The late Golden Age ushered in an era of great productivity at the Walt Disney Studios. At a time when animation was becoming increasingly popular, it was also becoming more established. Walt Disney recognized that he had a talented story team and brilliant animators, but that in order to keep producing unique films, his studio needed to continue taking creative risks.

A visionary, Walt tackled this challenge by creating a wholly unique Character Model Department. This short-lived new department became Walt’s “think tank.” From experimenting with facial expressions and 3-D models, the artists in this division forged a new path.

In the third volume of the critically acclaimed and groundbreaking series They Drew As They Pleased: The Hidden Art Of Disney’s Late Golden Age, famed Disney historian Didier Ghez examines this fascinating part of the history of the Walt Disney Studios as never seen before. The book profiles six remarkable artists from the Story Research and Character Model departments. Their astounding work, much of which is shown here for the first time, displays the free-form thinking that blossomed during the late Golden Age, and which gave rise to many of the classic characters we know and love.

We are more than happy to have Didier as our guest again to talk more deeply about his latest discoveries.

Animated Views:
As John Canemaker puts it in a recent review, you’re a true Sherlock Holmes of Disney History. How did you get wind of the Story Research Department?

Didier Ghez: I had seen the name “Story Research Department” at the top of some internal memos from the 1930s during my research for They Drew As They Pleased – Volume 1 (The Hidden Art Of Disney’s Golden Age) and I knew that John Clarke Rose was the head of that department in the 1930s, but I was curious to find out if there was a relationship between that department and the Character Model Department or the regular Story Department. So, I asked animation historian Michael Barrier if he could share with me the interview he had conducted with John Rose (the only interview ever conducted with Rose). When I started reading that interview, I experienced a very positive shock: not only was Rose answering most of the questions I had about his department, he also mentioned something fascinating, the fact that he had hired in 1939 an Ecuadorian artist named Eduardo Solá Franco to work on an animated feature based on Don Quixote. My immediate reaction was, “Who the heck is Eduardo Solá Franco!?” By digging a little deeper, I realized that after his short stay at Disney (9 months) Eduardo Solá Franco had become a very famous painter in Ecuador. What I also discovered is that, while at the Studio he had created more than a thousand paintings for the Don Quixote project and that his story was a very dramatic one. And I was able to track down and translate all of his correspondence written at the time of his stay at the Studio. Reading it is like taking a time machine and being able to look over his shoulder while he worked on Don Quixote, Fantasia and Peter Pan. His artwork is extremely different from what we imagine as being the “Disney style” which makes it absolutely fascinating, from my standpoint.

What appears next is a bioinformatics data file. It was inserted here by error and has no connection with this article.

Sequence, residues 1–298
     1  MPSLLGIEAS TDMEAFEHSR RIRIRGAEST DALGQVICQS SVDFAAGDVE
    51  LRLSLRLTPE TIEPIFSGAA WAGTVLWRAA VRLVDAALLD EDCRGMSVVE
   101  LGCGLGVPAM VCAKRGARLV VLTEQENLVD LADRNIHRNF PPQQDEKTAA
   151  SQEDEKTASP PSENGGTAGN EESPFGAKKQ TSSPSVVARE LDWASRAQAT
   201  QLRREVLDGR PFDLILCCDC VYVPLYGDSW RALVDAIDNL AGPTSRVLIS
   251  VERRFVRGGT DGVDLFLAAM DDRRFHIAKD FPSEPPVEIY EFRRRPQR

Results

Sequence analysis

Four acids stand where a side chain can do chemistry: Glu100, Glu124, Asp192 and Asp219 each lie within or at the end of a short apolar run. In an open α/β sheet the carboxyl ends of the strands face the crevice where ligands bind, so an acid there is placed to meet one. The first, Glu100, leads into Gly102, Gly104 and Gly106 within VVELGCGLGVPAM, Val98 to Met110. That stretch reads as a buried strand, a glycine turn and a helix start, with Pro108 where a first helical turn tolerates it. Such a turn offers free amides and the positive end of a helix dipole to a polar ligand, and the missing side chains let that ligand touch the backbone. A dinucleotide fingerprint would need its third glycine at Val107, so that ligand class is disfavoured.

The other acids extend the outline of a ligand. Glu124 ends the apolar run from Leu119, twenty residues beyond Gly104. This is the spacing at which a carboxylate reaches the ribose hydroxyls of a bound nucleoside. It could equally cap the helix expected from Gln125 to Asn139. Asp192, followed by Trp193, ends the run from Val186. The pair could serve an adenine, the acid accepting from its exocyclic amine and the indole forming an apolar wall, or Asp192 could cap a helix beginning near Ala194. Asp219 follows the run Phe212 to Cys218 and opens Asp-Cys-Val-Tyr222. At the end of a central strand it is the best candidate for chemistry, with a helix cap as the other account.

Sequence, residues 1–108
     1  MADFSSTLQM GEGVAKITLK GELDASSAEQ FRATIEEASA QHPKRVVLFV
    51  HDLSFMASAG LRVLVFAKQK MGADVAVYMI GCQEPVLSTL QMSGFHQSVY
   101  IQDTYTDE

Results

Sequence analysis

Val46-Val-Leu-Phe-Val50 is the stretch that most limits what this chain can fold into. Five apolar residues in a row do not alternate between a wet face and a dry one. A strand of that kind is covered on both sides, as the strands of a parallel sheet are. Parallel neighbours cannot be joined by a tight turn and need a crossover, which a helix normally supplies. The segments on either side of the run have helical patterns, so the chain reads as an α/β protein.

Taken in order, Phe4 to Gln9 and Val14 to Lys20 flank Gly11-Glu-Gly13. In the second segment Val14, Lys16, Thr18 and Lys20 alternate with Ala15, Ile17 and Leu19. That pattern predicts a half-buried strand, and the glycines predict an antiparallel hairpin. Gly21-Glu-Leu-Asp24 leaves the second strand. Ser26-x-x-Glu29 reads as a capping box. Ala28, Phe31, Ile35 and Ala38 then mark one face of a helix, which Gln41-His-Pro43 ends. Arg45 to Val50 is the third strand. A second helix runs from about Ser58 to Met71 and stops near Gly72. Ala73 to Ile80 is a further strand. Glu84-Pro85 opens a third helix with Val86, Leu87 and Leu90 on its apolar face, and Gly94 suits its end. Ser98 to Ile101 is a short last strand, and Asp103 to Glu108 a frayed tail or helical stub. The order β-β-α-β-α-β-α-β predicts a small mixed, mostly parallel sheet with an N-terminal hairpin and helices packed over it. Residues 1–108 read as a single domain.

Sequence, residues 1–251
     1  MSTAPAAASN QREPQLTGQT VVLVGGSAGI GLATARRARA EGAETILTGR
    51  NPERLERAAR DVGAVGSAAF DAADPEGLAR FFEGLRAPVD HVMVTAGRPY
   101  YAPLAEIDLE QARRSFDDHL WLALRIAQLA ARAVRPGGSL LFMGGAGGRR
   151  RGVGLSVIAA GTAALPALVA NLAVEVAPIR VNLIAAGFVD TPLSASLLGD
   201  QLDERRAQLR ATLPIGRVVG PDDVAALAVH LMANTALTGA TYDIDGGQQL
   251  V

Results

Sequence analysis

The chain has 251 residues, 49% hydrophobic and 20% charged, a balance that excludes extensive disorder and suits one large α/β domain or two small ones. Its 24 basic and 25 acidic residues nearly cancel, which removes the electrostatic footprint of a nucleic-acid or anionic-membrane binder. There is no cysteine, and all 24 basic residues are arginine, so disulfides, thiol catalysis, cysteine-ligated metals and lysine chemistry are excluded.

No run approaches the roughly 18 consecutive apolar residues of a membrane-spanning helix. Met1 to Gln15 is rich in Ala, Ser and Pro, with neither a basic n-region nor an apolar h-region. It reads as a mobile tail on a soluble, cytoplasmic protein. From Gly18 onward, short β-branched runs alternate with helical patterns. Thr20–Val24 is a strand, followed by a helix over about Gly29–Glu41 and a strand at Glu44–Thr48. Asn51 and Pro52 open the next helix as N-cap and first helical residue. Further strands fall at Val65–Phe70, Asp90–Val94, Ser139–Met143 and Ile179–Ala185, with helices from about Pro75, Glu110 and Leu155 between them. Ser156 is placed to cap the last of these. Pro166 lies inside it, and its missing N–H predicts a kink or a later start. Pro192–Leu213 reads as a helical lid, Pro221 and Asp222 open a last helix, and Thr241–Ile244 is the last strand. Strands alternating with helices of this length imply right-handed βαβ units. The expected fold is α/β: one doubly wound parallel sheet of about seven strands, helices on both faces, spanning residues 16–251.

Character designs by Ecuadorian artist Eduardo Solá Franco for the abandoned project Don Quixote

AV: How different and complementary was that department to the original, more traditional “story department”?

DG: The story researchers (the members of the Story Research Department) were principally tasked with reading hundreds of stories, writing synopses, tracking down information regarding copyrights and securing appropriate rights to the most promising narrative material. They were not tasked with developing new stories, unlike the Story Department and the Character Model Department. Which in fact led to many misunderstandings when John Rose hired Solá Franco, something that he really was not supposed to do.